The Micropolitics of Curb Your Enthusiasm: 1

LARRY AND LEON PLAY WAR And now for a foray into the micropolitics of Larry David’s 8 season strong Curb Your Enthusiasm.  This should pretty, pretty, pretty, pretty fun (for me at least).  The desire to write about CYE springs from two or three sources.  Firstly, a friend recently commented how “formulaic” and predictable the show is (which actually wasn’t a complaint or criticism on his part).  I had to agree, vaguely, and that made me wanda about the “formula.”  So I’d like to find out if I can formulate the formula.  Secondly, I’ll eventually be teaching CYE (along with Seinfeld, Arrested Development and The (British) Office) as part of a course on comedic representations of the sad passions, so this will serve as a preliminary fact/fiction-finding mission. Mulch for the future.  Thirdly, I love the show.  And I must dissect what I love.

The mother of all the sad passions is of course Melancholia (Depression).  And the two daughters of hers that interest me most are Resentment (Ressentiment) and Cynicism.  So I suspect there’ll be some talk of them.  The idea probably is to look at the “political unconscious” of these afflictions, that is, how the form  social relationships take under today’s “control society” or “Society of the Spectacle” or “capitalist mode of production” overdetermine the (self-)fashioning of individuals as melancholic, resentful, or cynical subjects.  Another way to put this: I think CYE takes as its allegorical focus the matter of how the contemporary form of what Nietzsche called “the ascetic ideal” forces the same kind of smallness upon all without exception.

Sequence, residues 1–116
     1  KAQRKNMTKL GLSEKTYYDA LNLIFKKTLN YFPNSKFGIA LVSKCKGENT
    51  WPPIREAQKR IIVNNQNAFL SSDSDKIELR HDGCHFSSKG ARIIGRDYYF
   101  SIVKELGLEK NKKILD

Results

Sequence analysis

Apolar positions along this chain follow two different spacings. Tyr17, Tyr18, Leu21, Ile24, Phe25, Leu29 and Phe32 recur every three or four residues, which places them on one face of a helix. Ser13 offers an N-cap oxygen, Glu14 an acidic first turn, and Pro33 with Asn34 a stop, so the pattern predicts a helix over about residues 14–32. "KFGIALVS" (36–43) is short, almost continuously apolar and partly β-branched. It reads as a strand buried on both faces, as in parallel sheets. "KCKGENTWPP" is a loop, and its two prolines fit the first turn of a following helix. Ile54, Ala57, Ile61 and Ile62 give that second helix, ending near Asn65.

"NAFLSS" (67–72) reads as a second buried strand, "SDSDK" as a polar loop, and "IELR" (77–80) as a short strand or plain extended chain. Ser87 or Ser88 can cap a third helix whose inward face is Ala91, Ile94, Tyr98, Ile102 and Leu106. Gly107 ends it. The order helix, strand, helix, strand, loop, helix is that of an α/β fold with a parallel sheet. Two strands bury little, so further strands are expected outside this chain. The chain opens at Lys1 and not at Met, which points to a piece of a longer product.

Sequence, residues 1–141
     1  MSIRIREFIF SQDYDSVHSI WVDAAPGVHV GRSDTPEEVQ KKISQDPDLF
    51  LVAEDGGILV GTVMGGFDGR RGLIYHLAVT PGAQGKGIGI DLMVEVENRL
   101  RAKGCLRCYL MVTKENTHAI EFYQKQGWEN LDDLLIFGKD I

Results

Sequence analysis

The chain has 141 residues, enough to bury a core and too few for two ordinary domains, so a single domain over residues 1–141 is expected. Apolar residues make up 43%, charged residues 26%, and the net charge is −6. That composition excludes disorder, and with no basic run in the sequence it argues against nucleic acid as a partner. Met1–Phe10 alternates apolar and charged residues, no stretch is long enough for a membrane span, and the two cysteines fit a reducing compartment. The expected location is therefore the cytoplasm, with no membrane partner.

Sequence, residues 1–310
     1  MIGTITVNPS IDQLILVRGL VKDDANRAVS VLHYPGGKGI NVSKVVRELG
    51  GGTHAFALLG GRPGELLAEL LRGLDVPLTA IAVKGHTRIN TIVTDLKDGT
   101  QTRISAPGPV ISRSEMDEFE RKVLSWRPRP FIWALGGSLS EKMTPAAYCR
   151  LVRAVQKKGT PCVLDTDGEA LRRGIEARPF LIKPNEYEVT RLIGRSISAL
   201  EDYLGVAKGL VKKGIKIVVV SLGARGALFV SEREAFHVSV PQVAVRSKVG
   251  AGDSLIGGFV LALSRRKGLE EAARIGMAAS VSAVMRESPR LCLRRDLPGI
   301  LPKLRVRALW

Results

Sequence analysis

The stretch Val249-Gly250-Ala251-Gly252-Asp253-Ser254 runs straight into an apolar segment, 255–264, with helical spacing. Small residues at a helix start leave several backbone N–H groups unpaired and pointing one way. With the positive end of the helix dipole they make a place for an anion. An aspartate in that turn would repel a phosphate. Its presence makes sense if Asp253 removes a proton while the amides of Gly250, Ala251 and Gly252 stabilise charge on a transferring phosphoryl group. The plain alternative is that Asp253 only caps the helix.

The fuzzy idea that CYE anatomizes the “smallness” of the neoliberal subject probably overdetermined the evocation of the word “micropolitics.”  Politics of the small, on a small scale.  Of course, monsieurs Deleuze and Guattari meant something different by “micropolitics” than this, so we’ll have to see if their idea works here too.

One other thing: Nietzsche said some apparently contradictory things about the ascetic ideal.  He opposed it to a counter-ideal he called the artistic.  But he also said that actually there is no real outside to the ascetic ideal.  The only way to overturn the ideal (and make a space for a new kind of politics and a new kind of social body) is from within: and those who oppose the ascetic ideal from within he called “comedians.”  Are Larry David and company representative of this kind of comedian, the comedian of the ascetic ideal?  It’s another matter to explore in what follows.  So, onward and upward.  Or, at least, onward…

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